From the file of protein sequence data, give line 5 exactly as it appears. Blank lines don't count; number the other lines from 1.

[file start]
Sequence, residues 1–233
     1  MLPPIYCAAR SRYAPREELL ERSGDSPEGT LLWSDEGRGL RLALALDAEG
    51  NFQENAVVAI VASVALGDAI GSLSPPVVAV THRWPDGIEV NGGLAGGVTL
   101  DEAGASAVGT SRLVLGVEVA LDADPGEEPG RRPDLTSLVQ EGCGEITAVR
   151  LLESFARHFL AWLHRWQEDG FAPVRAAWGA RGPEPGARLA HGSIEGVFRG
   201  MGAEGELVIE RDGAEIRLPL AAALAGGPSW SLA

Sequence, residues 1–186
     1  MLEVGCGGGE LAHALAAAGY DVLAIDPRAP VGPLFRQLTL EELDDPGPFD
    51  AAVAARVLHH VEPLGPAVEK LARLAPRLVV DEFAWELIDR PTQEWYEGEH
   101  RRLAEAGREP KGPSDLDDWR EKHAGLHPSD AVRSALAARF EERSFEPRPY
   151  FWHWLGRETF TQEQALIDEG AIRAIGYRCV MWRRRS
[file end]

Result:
   151  LLESFARHFL AWLHRWQEDG FAPVRAAWGA RGPEPGARLA HGSIEGVFRG